A recent article in the Guardian.co.uk states that the recently reported Unit 61398 cyber spying group is but “the tip of an iceberg of cyberwarfare that is now rising dramatically into view. …This is what Unit 61398 really represents: not just the ambitions of a stirring China, but the growing to maturity of a new ecosystem of warfare, espionage, activism and criminality. Last week a retired CIA director, Michael Hayden, compared it to the dawning of the atomic age at Hiroshima, saying: “This has the whiff of August 1945.”
They go on to state that: ”hackers and Unit 61398 are only a tiny part of the action. In recent weeks revelation after revelation has emerged about how prevalent Chinese hacking has become. After publishing details about the wealth of the family of a powerful Chinese politician, the New York Times was targeted for infiltration. The Washington Post and the Wall Street Journal said that they too had come under attack, while on Friday Microsoft revealed that its servers had also been hacked – as fellow technology giants Facebook and Twitter have also been this year.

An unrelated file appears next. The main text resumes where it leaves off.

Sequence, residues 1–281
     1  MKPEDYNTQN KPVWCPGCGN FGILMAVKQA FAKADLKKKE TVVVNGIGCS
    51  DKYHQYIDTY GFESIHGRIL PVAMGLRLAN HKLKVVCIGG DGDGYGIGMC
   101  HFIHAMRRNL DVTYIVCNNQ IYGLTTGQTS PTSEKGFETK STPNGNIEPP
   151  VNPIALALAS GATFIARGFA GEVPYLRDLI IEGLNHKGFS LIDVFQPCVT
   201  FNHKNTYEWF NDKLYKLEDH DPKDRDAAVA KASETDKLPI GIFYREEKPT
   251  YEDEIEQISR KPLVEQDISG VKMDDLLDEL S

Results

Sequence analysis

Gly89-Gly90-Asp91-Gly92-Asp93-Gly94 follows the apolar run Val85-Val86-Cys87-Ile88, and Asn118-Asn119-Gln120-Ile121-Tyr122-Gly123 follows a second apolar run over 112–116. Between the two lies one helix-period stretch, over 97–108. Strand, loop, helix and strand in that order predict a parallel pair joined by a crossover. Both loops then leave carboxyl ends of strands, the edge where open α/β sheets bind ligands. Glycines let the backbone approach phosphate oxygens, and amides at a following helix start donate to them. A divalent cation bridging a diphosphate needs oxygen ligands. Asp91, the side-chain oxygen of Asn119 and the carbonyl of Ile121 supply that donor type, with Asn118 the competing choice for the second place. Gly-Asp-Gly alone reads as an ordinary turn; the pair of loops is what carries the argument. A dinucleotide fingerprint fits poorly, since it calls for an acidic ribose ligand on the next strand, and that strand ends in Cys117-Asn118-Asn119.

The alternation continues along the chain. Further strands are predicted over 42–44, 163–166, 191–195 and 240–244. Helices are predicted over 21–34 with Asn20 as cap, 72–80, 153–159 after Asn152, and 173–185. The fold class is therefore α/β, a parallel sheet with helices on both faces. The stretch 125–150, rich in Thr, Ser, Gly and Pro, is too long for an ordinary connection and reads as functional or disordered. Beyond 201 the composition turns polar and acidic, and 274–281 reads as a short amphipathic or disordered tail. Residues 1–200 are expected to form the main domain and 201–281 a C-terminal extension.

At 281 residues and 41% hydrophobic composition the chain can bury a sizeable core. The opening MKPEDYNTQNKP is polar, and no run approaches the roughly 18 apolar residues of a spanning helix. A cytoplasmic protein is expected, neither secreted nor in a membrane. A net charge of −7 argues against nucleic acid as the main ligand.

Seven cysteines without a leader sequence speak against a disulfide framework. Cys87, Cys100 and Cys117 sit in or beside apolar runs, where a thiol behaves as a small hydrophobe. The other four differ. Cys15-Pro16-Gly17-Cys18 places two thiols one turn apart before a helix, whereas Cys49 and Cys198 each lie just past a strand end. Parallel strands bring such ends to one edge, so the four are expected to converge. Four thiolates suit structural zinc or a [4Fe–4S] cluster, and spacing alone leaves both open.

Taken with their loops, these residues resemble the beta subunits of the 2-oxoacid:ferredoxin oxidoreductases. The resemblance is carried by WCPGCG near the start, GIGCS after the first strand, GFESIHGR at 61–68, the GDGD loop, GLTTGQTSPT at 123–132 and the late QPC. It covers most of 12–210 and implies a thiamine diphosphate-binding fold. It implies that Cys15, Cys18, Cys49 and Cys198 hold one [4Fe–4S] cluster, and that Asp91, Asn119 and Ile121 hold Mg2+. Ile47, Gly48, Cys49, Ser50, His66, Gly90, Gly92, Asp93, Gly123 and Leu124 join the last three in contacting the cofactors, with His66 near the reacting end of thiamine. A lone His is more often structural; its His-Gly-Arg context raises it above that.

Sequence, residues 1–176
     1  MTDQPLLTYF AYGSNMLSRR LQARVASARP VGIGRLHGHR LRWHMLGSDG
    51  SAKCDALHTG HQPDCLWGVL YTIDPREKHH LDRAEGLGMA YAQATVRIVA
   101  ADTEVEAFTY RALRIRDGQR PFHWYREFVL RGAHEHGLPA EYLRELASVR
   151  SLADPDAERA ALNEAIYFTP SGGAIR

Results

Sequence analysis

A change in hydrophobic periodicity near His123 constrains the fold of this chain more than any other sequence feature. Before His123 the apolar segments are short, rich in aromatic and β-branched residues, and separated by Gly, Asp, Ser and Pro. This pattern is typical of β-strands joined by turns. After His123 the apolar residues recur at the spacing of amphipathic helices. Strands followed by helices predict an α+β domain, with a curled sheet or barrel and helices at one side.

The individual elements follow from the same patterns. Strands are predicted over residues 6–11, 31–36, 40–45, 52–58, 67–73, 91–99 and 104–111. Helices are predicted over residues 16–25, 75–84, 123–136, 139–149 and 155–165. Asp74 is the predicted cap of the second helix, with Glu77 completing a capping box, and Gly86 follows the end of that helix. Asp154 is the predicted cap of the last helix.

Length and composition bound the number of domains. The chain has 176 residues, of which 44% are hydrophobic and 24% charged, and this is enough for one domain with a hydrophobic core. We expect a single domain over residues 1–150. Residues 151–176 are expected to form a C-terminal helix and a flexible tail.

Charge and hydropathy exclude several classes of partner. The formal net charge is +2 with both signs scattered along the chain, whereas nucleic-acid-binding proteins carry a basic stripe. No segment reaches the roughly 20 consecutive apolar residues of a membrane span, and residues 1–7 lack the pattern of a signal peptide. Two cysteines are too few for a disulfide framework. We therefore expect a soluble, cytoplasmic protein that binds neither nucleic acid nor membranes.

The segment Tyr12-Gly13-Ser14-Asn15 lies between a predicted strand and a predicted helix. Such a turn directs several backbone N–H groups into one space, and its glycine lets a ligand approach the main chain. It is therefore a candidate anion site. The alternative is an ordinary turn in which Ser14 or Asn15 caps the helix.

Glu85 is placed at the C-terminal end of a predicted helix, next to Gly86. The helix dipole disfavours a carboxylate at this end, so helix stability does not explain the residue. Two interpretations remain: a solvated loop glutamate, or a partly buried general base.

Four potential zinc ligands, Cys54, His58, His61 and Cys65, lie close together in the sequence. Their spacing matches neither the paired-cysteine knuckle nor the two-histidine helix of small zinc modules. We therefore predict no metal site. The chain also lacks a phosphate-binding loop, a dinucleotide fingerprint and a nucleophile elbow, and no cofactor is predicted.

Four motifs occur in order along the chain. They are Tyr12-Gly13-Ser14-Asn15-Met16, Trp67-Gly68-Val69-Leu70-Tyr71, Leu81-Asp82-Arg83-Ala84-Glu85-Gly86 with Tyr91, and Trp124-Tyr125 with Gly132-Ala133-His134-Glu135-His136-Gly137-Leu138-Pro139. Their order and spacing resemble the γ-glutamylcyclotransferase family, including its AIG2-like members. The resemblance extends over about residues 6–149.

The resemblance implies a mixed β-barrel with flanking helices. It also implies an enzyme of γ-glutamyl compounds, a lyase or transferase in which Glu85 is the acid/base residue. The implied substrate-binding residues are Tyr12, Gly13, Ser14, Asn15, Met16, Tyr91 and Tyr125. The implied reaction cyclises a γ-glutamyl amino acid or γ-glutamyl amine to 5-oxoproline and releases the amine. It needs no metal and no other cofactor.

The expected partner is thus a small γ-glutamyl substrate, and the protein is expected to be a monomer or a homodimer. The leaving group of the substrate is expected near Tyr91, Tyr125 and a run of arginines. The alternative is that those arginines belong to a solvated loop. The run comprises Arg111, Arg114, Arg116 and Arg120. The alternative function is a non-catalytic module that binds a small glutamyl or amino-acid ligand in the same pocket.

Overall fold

Perhaps the scariest aspect of cyber-espionage is how far some might go. Whether a country, a terrorist group or an individual, one possibility looms above all else: an attack on critical infrastructure, such as the power network. That could cause planes to fall out of the sky, cars to crash or power stations to explode. “That is an act of war. It is beyond civilisation,” said Professor John Steinbruner from the University of Maryland.”
I have written before that the Internet is becoming so dangerous that, at some point, it will be virtually uninhabitable by those of us who use it. It is bad enough that cyber criminals are out to steal our money; but we innocent Internet users may also be caught in the crossfire of international cyber spying and espionage. I’m not optimistic about our future on the Web.
Reference: Guardian article
Be very careful…it’s dangerous out there.
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